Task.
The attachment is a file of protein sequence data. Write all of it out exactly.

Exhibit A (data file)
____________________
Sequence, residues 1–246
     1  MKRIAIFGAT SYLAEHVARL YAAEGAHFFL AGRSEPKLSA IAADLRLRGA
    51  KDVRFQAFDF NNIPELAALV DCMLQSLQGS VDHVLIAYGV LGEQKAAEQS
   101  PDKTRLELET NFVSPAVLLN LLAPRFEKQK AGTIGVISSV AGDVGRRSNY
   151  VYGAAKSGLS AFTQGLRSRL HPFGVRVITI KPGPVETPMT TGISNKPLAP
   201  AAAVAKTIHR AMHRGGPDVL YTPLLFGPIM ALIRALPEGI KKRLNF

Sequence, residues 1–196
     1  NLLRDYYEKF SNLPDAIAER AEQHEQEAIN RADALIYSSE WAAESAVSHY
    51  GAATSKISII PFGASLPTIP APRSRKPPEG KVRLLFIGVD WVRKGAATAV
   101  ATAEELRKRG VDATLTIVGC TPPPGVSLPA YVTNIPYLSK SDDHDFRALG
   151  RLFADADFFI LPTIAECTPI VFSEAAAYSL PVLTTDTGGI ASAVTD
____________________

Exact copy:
Sequence, residues 1–246
     1  MKRIAIFGAT SYLAEHVARL YAAEGAHFFL AGRSEPKLSA IAADLRLRGA
    51  KDVRFQAFDF NNIPELAALV DCMLQSLQGS VDHVLIAYGV LGEQKAAEQS
   101  PDKTRLELET NFVSPAVLLN LLAPRFEKQK AGTIGVISSV AGDVGRRSNY
   151  VYGAAKSGLS AFTQGLRSRL HPFGVRVITI KPGPVETPMT TGISNKPLAP
   201  AAAVAKTIHR AMHRGGPDVL YTPLLFGPIM ALIRALPEGI KKRLNF

Sequence, residues 1–196
     1  NLLRDYYEKF SNLPDAIAER AEQHEQEAIN RADALIYSSE WAAESAVSHY
    51  GAATSKISII PFGASLPTIP APRSRKPPEG KVRLLFIGVD WVRKGAATAV
   101  ATAEELRKRG VDATLTIVGC TPPPGVSLPA YVTNIPYLSK SDDHDFRALG
   151  RLFADADFFI LPTIAECTPI VFSEAAAYSL PVLTTDTGGI ASAVTD